African music perhaps has no greater ambassador than Afrobeats superstar Wizkid. los most-streamed Nigerian musician in the world sold out the O2 arena in just 12 minutos: when he walks on stage, his backdrop visual of candle flames pales in comparison to the constellation of phone torches that welcome him to London. “Joro!” he sings – a contraction of the Yoruba term “joromi”, meaning “come, let’s enjoy”. Taking every opportunity to gyrate his hips and wave his arms, you get the sense that if Wizkid’s first love is music, his second is dancing. His stage presence is sexy and provocative, his presence intensified by a distinct lack of fireworks.
The core of the set is just Wizkid supported by DJ Tunez. They rattle through his classics in a medley – No Lele, Back to the Matter, Tease Me, Don’t Dull, Pakurumo – that spiritually transforms the arena into a Nigerian hall party: the tempo is unrelentingly rapid, the bouncy rhythms and lyrics setting the entire arena jumping. Tunez introduces it as a throwback set for the “day one fans in the building”, not the “Essence warriors” – a tongue-in-cheek reference to the tension between balancing Wizkid’s early work with the newer tracks that have made him a huge star. Eso dicho, they blow through these songs with such speed, they can’t help but feel slightly wasted.
A pause comes when Wizkid holds a minute of silence for the late fashion designer Virgil Abloh, news of whose death broke just hours before the performance. (Abloh had previously designed a special Made in Lagos fit for Wizkid from his Off-White brand.) He continues the tribute with Smile and Blessed: these tracks which honour love, affection and the glory of living take on a resonance reminiscent of Nigerian bereavement practices that celebrate life as a framework for processing loss.
Wizkid’s O2 headlining set, sin emabargo, is primarily a victory lap – and one that comes with a strong supporting cast. “London, I came with my friends tonight," él dice, introducing the first of many guests: the city’s own Ella Mai adds stunning vocals to Piece of Me, from his 2020 álbum Made in Lagos. He affirms Black Britain’s cultural importance to his music when he reveals Skepta, who adds pace and swag to Longtime and Energy. The latter is easily the night’s most enthralling performance, con 20,000 people singing “bad energy stay far away” with gusto. But it’s Nigerian breakout star Tems who steals the night – gloriously strutting on for an enchanting performance of Essence, which has the crowd cooing in delight at the dovetailing of her and Wizkid’s elegant vocals.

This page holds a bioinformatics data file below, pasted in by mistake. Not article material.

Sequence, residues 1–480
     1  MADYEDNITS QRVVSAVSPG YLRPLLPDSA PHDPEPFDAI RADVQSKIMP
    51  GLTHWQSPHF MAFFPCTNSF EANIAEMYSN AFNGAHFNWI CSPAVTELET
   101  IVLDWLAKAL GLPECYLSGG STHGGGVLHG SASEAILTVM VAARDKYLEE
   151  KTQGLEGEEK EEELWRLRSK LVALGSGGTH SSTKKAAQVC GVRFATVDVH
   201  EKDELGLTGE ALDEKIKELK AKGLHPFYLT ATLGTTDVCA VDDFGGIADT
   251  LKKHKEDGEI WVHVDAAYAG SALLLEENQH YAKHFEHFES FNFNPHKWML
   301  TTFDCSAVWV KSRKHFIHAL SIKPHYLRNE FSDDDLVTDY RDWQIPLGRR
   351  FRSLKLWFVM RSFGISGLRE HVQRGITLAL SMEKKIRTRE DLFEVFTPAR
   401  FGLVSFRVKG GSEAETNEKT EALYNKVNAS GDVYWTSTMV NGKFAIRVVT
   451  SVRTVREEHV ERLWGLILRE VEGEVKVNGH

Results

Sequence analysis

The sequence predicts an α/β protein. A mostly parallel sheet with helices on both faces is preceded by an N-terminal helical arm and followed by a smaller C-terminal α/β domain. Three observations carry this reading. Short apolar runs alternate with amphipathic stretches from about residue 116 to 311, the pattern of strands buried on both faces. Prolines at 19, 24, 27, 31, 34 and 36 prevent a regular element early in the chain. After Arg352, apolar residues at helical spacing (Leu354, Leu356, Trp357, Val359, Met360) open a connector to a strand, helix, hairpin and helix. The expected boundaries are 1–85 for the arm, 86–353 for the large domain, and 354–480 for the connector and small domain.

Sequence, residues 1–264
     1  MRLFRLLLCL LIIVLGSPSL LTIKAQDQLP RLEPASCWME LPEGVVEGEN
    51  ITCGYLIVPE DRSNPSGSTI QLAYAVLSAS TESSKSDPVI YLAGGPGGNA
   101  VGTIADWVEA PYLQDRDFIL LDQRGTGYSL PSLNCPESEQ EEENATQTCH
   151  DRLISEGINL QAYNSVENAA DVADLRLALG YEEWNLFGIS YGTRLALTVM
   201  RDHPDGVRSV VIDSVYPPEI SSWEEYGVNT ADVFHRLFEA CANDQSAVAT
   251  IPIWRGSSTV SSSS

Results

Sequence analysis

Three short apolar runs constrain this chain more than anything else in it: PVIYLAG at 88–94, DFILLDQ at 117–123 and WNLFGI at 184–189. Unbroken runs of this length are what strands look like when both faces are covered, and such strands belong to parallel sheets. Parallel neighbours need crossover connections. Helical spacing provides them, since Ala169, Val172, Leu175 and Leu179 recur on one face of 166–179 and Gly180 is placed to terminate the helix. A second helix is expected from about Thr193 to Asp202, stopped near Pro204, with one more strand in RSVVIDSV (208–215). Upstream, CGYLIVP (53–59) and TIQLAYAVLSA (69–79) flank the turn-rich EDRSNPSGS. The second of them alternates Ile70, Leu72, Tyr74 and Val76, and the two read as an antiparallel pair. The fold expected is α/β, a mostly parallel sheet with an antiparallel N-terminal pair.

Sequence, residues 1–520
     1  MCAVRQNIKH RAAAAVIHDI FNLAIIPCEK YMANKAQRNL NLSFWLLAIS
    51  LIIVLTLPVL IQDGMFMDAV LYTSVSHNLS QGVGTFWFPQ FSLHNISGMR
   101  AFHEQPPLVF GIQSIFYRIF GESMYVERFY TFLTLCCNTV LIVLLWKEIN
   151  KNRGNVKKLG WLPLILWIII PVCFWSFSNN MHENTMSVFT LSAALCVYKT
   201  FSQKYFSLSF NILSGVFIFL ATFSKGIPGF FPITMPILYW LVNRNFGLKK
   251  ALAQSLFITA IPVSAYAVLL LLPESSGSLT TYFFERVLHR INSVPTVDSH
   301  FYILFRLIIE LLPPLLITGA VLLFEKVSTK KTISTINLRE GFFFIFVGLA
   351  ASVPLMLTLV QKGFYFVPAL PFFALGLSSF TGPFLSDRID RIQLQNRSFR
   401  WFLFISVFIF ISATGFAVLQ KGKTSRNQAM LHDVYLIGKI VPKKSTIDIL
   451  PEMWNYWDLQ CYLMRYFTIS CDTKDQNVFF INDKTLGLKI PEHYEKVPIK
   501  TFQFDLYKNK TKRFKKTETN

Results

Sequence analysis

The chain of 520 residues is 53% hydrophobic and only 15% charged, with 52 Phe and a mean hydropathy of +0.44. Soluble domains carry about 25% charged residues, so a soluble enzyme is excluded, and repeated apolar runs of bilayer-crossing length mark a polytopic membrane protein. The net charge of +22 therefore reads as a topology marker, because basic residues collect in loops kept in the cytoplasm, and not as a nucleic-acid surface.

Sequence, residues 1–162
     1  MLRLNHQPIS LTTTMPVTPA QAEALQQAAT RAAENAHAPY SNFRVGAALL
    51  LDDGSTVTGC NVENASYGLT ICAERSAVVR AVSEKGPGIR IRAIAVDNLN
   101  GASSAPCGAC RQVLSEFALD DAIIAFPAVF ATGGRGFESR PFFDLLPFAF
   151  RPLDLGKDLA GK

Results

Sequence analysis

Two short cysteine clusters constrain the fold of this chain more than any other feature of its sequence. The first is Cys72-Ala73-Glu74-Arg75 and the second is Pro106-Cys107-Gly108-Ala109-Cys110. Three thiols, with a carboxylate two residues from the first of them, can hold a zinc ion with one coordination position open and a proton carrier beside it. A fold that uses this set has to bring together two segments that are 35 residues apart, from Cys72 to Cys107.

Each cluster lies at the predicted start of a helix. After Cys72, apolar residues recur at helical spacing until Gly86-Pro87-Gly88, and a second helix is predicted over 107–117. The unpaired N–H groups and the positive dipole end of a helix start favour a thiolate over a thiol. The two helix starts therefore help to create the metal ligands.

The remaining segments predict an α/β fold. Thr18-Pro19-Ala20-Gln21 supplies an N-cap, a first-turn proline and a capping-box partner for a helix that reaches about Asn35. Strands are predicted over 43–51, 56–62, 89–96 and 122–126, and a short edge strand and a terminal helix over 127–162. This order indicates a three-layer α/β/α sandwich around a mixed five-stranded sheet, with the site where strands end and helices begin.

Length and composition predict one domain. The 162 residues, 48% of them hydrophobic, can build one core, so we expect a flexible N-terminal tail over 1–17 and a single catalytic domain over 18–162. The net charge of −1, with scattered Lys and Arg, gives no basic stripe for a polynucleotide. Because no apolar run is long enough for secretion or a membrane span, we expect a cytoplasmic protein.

One final surprise guest leaves an unavoidable stain on the joy that came before. Wizkid hypes up the next act as the first international artist to show him love and celebrates this moment as his “first London performance in 10 años", then brings on R&B star Chris Brown. There are clear pockets of silence among the portions of the crowd well aware that this 10-year absence was due to Brown’s ban on entering the UK after assaulting his then-girlfriend Rihanna in 2009. (He has faced subsequent allegations of violence against women and others.) Unlike Kanye West’s recent performances with Marilyn Manson (accused of rape and sexual violence, que él niega) and rapper DaBaby (unrepentant after making homophobic remarks), it seems that Wizkid brings Brown on stage out of genuine affection rather than any attempt to shock. De todas formas, Brown’s appearance on Go Crazy is raspy and lacking.
That aberration over, Wizkid restores the night’s triumphant air with a sermon-like performance of Ojuelegba, gracefully singing “they know my story” and swaggering through confetti with imperial spirit. The closing song is accompanied by aerial shots of Lagos that show its markets, yellow buses and sandy beaches. Celebrating his origins and honouring the difficulties of ascending as an African artist, it underscores that while he’s happy to bask in the international acclaim, there’s no place like home.